Time to Make Dirty Data Placeable


The December 2012 Cost of Bad Location Data Report from Yext shared that 43% of business listings are wrong and 14% are just plain missing. As a result, US businesses lose over $10B in sales every year. Each and every day, people look for places on Google Maps and are directed to the wrong location. This poor user experience translates into lost revenue for stores

Local search marketing for location-based advertisers drives people from online to the physical store, but the process of optimizing for local search is not simple. There are many key influencers that impact the performance of location-based brands in local search, especially when you consider web, mobile and social to all be part of the equation. Not only do consumers sit at a desk and conduct local searches, they do it on mobile devices. They do it within social networks like Facebook or on Foursquare. Local search is conducted directly on maps and through locators. IYP’s are a channel for local search as well. The value of these channels to a consumer may be directly attributed to the accuracy of the information provided to them. If a consumer is able to find what they are looking for, or get where they are looking to go, then the local search marketing effort was successful. Unfortunately, all too often the experience goes utterly wrong and consumers don’t get the information they’re looking for, or they end up following directions on their mobile device to the wrong place. Bad location information is having a profoundly negative impact on location-based advertising and on the consumer experience.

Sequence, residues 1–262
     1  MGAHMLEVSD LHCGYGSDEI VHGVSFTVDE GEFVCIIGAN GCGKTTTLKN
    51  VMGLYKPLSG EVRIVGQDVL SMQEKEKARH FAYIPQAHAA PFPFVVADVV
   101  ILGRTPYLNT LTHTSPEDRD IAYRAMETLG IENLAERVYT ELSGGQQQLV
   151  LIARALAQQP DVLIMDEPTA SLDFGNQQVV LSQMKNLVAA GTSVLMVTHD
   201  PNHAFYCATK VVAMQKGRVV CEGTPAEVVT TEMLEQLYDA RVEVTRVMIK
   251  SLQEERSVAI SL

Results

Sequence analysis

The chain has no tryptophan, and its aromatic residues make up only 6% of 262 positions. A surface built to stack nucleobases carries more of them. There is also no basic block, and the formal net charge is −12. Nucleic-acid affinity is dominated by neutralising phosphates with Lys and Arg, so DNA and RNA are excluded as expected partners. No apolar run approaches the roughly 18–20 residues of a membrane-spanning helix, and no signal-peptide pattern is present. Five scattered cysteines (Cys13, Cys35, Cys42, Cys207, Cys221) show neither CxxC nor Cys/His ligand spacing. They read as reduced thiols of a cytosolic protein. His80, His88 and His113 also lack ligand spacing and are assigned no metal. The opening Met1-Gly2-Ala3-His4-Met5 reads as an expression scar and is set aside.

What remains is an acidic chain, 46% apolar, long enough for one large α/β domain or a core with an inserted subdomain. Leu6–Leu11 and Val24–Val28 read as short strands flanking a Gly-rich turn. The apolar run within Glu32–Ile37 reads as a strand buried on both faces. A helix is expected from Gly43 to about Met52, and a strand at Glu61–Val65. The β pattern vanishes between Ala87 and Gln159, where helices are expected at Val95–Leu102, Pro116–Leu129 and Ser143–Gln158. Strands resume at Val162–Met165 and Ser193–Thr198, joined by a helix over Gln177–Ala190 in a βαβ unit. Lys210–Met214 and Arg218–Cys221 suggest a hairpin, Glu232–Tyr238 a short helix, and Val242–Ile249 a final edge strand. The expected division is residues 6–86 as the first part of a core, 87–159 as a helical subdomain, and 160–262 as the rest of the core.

Advertiser location data is “dirty.” Dirty in the sense that is prone to error.  The larger the advertiser the more errors that seem to exist. This is a widespread, recognized issue by digital media advertisers, agencies and vendors.  Erroneous location information is preventing millions of dollars worth of marketing initiatives from becoming successful. Inaccurate information, at the advertiser level, cascades down and hampers the success of many aspects of local digital advertising. If they are provided with bad data at the get-go, directory listings can’t be correct; Google Places can’t be correct; local landing pages can’t be correct; and maps, directions and mobile experiences can’t be correct. If the advertiser’s data is dirty, everything else is dramatically handicapped.

While everyone seems to know this, nobody is solving for it.

Directory listing services specialize in creating continuity between the data that an advertiser provides and the downstream ecosystem. However, they don’t take responsibility for the quality of the information that the advertiser provides in the first place. Google accepts content from advertisers and creates continuity on Places/+/Local/Maps. But how much of the provided data is wrong? The reason why someone drives to the wrong location using a Google map is not because Google got it wrong. The reason is that the advertiser fed the wrong information to Google initially. This is neither Google’s fault, nor Google’s responsibility.